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Medicare Enforcement: CMS Has Expanded Its Ability to Revoke or Deny Provider Enrollment

medicare enforcementBy: Karina Gonzalez

A Final Rule recently issued by CMS will require Medicare, Medicaid, and CHIP (Children’s Health Insurance Program) providers and suppliers to disclose current and previous affiliations (direct or indirect) with a provider or supplier that: (1)  has uncollected debt; (2) has been or is excluded by the OIG (Office of Inspector General) from Medicare, Medicaid or CHIP, or (3) has had its billing privileges with either of these three programs denied or revoked. Such provider affiliations may lead to enrollment being denied if it poses a risk to fraud, waste or abuse.

The Rule is intended to prevent providers and suppliers from circumventing Medicare’s requirements through name and identity changes, as well as through elaborate inter-provider relationships.CMS will be able to deny or revoke a provider’s or supplier’s Medicare enrollment or re-enrollment if it determines that a provider or supplier is currently revoked under a different name, numerical identifier or business identity.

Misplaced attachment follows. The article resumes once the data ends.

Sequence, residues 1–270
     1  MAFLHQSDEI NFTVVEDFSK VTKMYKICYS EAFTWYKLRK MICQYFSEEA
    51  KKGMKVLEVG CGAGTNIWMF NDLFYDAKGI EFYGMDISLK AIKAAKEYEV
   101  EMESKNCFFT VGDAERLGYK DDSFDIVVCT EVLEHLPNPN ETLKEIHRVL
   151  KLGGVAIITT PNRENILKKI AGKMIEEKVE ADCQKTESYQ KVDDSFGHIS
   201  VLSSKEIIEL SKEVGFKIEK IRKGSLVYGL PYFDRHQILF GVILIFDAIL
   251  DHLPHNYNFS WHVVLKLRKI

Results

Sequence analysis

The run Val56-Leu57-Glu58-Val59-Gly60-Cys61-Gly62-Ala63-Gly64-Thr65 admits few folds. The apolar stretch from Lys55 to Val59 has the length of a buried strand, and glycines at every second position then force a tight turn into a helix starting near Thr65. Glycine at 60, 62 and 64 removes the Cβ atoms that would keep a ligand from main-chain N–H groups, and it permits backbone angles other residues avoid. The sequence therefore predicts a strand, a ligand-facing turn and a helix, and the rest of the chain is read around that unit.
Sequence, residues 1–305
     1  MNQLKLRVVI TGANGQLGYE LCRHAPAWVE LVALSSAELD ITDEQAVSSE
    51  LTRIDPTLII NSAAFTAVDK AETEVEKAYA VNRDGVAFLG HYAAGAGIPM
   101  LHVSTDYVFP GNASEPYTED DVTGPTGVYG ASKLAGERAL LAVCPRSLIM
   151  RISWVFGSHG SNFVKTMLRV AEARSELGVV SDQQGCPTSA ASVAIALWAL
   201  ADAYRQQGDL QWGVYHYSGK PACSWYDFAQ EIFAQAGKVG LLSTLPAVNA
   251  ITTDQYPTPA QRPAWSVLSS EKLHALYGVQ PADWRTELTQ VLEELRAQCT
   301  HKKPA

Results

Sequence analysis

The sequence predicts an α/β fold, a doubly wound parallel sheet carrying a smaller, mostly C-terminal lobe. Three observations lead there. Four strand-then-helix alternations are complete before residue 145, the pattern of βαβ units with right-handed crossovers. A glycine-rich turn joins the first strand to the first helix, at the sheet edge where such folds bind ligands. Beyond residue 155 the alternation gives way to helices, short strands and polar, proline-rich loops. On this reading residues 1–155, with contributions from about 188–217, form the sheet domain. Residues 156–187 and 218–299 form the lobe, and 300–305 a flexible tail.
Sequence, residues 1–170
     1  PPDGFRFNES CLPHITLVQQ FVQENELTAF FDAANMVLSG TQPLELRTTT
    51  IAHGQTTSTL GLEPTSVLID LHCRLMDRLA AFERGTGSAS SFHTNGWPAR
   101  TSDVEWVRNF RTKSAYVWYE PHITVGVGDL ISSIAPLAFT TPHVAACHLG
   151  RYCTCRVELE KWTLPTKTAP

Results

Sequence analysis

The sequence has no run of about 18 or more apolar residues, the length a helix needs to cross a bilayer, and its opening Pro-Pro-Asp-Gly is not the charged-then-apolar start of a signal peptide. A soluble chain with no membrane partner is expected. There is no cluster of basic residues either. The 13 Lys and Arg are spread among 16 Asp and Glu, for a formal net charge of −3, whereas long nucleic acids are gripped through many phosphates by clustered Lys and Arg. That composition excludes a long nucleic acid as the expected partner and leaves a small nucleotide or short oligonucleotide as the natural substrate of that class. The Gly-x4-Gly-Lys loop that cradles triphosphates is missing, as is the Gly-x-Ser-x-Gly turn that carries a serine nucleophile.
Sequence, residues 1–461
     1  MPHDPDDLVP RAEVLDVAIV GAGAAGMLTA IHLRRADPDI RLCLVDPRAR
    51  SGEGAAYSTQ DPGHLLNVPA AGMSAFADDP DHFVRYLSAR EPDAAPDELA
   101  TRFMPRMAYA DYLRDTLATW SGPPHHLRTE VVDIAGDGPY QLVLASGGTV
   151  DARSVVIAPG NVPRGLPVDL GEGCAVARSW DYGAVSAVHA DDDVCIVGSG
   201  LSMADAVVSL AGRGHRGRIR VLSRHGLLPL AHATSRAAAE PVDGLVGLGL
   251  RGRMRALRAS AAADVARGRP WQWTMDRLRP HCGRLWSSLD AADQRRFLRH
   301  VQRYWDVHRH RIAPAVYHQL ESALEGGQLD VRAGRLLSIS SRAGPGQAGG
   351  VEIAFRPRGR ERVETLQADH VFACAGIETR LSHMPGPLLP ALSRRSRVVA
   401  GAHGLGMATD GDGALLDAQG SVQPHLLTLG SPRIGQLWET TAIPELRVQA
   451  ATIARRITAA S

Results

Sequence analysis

This Rule gives Medicare enforcement the necessary tools to take action against unqualified and potentially fraudulent entities and individuals.  CMS Administrator Seema Verma noted that “fraudsters temporarily disappear into complex, hard-to-track webs of criminal entities and then re-emerge under different corporate names.” With this Final Rule, applicants whose enrollment has been revoked twice will not be permitted to reenroll for up to 20 years. Comments on the Final Rule, Program Integrity Enhancements to the Provider Enrollment Process (CMS-6058-FC), must be received by November 4, 2019.